- Being all things to all people.
What is the purpose of the plan?
Who is the audience for the plan
Whose perspective are you taking?
- Not focusing on the competition.
Playing down the competition.
“We have no competition”.
No competitive analysis
- Unfounded and unrealistic assumptions Overhyped Revenues overestimated The “hockey stick” growth curve Industry size ill-defined Market size too optimistic
- Inadequate research
Weak market research
Failure to demonstrate demand Lack of sources or citations
- No risk analysis Hiding your weaknesses Lack of experience Claims of no risk Poor mitigation strategies
- Unrealistic financial projections Financials do not make sense Assumptions not listed Essential expenses omitted
- No plan of how to get there How will you make it happen? What is your route to market? Not knowing your distribution channels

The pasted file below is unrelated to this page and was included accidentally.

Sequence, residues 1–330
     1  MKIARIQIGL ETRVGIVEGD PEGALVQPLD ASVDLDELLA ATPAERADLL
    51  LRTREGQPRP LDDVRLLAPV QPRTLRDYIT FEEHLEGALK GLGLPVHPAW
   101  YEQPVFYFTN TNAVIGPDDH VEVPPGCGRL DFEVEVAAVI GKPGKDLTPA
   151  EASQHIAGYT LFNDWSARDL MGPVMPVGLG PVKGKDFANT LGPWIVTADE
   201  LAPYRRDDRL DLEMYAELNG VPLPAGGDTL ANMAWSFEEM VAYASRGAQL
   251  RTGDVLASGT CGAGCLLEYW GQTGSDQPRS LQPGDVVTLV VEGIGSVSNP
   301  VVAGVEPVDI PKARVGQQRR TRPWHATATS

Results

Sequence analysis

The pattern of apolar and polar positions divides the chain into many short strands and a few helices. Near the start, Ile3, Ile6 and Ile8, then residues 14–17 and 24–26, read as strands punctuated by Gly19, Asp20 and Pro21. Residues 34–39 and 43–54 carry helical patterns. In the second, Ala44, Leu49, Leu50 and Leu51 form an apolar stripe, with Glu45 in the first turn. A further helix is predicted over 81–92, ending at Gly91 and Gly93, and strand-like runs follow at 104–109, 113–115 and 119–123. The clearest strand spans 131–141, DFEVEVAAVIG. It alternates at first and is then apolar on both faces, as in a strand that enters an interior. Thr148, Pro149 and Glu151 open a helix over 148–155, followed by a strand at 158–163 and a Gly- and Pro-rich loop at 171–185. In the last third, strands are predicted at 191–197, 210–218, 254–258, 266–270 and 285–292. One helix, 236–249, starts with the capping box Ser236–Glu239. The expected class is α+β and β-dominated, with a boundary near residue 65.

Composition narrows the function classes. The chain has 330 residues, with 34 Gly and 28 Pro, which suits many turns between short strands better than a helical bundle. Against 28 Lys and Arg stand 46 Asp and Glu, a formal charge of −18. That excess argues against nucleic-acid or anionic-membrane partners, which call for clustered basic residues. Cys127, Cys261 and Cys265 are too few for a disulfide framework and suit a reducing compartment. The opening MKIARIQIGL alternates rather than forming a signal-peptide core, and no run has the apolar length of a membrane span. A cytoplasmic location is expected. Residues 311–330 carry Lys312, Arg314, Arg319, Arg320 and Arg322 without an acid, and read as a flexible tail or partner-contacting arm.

- Business plan inconsistencies
“Logic bombs” in the plan
No plan to manage volume
- Top-down financial projections 1% of $10 Billion Market Assume payroll at 50% of sales Comparison to branches of major chains
- Lack of a viable opportunity No evidence of demand If I build it, they will come A solution looking for a problem
- Not understanding cash flows Cash is the lifeblood of business Profits are not the same as cash flow Timing, timing, timing
- Not defining your target market Everybody needs our product Valid value proposition Geographic, demographic or psychographic
This is one of a series of blog posts about common mistakes found in business plans. Remember, you may be writing your first business plan, but the person reading it has probably seen hundreds. You want the reader to say “Yes” to your business plan, so don’t make it easy for them to say “No”.